When many people think about working in the field of public health, their minds immediately think of community health workers and health educators who directly interact with members of the community to improve health outcomes.
But the truth is public health is an extremely varied field of work, with a variety of different potential career paths. One such career path that many people overlook is public health research—which ultimately goes on to inform and impact the public health projects performed by others.
Are you interested in potentially pursuing a career as a public health research assistant? Below we take a look at what the job entails, where these professionals work, and the specific steps you’ll need to take to make your goal a reality.
A public health research assistant is essentially an entry-level researcher who works on public health projects. In this capacity, they perform a range of different tasks, primarily related to the collection, organization, and analysis of data that will eventually inform various public health initiatives in the communities that they serve. Usually, these data will be related to analyzing health trends within a certain community, and then using those trends to inform policy, develop health assessment reports, and disseminate findings through meetings, conferences, research publications, and design public health programs.
At entry level, public health research assistants will typically begin by performing administrative tasks as they are trained on the processes that they will eventually be responsible for. Depending on the specific position, researchers may also take on a secondary role as health educators who actually use their findings to inform the public. Writing and oral communication skills are vital, as are computer literacy and math/statistics. Courses such as research methods and epidemiology can also help.
Other job titles that you might find on job postings for public health research assistants include:
Public health research assistants can be employed by any organization that engages in public health projects or initiatives. This can include hospitals, long-term care facilities, community health clinics, specialized clinics (such as cardiac centers), senior centers, eldercare services, women's health centers, breastfeeding clinics, universities, and government agencies at the state and local level, among other locations.
Public health research assistants tend to earn an average of $34,000 per year according to Zippia.com. This figure is a good representation of the entry-level salary that you can expect in this field.
As researchers gain experience and further their skills, however, pay tends to increase and reflect this. PayScale.com notes that the more senior-level researchers can earn $62,000 or more per year.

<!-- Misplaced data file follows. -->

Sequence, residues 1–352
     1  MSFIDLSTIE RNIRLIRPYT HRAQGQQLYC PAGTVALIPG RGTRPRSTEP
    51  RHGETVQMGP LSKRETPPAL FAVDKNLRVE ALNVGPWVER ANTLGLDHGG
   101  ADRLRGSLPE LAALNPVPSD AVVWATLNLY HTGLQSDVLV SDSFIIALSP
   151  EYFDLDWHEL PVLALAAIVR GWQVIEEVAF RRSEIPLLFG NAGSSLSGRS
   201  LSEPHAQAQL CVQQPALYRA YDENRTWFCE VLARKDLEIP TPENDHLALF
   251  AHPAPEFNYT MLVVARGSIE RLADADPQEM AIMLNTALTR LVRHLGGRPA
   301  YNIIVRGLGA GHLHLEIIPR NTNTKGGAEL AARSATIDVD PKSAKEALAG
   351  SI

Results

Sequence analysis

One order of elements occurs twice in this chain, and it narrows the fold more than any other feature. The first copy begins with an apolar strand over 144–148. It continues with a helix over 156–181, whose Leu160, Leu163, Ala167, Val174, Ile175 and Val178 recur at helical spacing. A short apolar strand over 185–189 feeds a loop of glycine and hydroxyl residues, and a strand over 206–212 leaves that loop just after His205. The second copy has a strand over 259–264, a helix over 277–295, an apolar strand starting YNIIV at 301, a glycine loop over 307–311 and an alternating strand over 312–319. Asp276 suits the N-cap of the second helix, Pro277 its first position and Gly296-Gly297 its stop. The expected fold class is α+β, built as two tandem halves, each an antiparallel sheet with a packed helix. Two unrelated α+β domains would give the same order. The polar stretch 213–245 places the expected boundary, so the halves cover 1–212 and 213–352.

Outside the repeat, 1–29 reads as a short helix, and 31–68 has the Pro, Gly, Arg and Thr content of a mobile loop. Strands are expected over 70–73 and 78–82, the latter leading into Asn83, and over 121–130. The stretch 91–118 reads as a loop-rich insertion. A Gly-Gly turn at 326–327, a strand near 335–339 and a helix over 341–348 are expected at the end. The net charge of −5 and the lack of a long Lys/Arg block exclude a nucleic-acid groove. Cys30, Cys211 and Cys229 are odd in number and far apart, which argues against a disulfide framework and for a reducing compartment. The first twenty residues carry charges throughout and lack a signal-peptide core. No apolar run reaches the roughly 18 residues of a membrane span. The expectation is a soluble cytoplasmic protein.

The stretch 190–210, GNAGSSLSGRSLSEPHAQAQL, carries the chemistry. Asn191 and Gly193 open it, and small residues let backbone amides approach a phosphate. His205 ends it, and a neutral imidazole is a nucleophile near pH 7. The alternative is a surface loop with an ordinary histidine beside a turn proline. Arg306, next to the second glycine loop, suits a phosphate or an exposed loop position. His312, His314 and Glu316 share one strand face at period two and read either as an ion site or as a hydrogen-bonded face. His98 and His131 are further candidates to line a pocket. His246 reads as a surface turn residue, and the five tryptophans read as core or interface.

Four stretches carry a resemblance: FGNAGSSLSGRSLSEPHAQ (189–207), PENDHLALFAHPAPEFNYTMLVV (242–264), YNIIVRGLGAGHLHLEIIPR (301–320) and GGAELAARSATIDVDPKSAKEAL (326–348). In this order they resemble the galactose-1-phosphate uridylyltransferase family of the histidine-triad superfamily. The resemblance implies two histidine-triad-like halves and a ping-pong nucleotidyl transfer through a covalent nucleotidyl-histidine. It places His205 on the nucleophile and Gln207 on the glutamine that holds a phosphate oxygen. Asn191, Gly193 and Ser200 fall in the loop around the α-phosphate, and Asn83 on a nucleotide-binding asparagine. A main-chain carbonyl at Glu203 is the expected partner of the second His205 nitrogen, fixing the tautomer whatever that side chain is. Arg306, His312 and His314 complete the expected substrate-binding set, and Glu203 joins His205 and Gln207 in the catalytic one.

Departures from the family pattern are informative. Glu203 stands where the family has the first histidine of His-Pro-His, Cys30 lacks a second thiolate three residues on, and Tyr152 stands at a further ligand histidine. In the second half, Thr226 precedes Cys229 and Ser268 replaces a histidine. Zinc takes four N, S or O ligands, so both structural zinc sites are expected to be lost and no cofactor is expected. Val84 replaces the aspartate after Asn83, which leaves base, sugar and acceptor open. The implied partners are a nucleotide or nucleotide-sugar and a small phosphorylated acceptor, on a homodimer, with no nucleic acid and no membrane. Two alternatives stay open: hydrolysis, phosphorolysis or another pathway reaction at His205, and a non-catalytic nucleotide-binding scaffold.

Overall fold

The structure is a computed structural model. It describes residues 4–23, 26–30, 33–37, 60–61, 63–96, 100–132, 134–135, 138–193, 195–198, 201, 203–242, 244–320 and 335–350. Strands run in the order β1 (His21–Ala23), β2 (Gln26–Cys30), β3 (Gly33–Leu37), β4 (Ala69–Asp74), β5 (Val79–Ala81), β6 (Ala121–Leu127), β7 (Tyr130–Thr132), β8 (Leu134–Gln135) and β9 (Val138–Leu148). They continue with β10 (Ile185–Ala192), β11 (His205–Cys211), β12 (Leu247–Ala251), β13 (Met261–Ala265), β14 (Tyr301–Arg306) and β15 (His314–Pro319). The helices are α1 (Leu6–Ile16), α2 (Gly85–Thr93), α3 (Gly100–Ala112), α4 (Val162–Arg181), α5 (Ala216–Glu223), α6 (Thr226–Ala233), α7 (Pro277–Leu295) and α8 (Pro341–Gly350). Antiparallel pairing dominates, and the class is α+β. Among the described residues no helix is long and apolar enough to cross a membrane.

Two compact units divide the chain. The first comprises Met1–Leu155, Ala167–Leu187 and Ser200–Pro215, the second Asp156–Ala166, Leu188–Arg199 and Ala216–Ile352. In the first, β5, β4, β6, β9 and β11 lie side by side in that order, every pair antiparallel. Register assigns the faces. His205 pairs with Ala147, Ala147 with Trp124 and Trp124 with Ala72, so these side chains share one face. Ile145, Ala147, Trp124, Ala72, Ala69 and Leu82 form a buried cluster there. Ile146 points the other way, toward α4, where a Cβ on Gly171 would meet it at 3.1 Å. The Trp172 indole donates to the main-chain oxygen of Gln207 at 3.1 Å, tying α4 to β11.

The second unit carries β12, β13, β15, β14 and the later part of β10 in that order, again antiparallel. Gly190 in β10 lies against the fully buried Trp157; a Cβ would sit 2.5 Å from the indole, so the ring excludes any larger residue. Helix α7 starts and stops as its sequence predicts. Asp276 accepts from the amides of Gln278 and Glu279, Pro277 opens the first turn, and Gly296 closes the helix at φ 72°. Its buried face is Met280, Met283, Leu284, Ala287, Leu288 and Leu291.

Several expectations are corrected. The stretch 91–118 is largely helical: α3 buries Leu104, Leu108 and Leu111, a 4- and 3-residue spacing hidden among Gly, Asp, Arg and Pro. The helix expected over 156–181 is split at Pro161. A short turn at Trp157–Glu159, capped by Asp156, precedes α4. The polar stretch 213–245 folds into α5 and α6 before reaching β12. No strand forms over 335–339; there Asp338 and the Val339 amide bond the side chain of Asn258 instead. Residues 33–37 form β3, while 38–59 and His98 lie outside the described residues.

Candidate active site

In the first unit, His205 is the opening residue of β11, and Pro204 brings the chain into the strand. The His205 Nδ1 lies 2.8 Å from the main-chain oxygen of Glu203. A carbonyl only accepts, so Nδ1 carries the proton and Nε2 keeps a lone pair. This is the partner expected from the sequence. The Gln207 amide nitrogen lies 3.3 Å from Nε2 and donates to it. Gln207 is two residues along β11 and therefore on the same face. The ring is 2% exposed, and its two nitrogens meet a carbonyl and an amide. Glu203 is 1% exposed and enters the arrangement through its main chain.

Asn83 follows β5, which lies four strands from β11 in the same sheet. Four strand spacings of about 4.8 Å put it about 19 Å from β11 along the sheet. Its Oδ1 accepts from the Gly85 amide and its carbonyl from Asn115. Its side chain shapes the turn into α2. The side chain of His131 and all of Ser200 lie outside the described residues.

Most employers that hire public health research assistants require applicants to hold at least a bachelor’s degree in public health or a related field. This is due to the fact that such a degree is specifically designed to provide exposure to research practices, which will form the foundation of any research-focused career.
If you choose not to earn a degree in public health but are interested in a career as a research assistant, it will be important for your degree to provide at least some training and exposure to basic research practices.
As mentioned above, you should take every opportunity possible during your studies to gain research experience, as this will directly translate over into the job. Internships, co-ops, and independent research with a faculty member are all excellent options.
With this in mind, when evaluating programs, it’s important to consider the research opportunities that the program will provide. In the BA in Public Health program at Regis College, for example, students complete an average of 240 hours of hands-on field experience through internship placements at hospitals, community agencies, health care organizations, and nonprofit organizations where research opportunities are available. In addition, nearly all courses in the public health curriculum incorporate research skills through readings, assignments, and discussions. Faculty are also actively engaged in research efforts that can include students.
Additionally, you should look for a program that offers courses and curriculum related to research. It can be very beneficial, for example, to complete courses that involve survey building and data analytics.
If it’s not possible to gain any research experience as you complete your degree, consider finding an entry-level position as a community health worker or public health educator, that will allow you to conduct some research-related tasks. If you express interest to your employer, many will find a way to help you explore it.
While you should be able to get an entry-level research position with just your bachelor’s degree in public health, more senior-level research positions will typically require additional training and education. Most commonly, this will involve earning a master’s in public health (MPH).
Earning a master’s degree in public health will be particularly important if you would like to lead research projects and actually design studies.
Public health research assistants play a crucial role in the field of public health. The projects that they work on and the data they collect and analyze form the bedrock of the entire profession. This means that by pursuing a career in public health research, you’ll have the opportunity to have a real impact in the communities that you serve.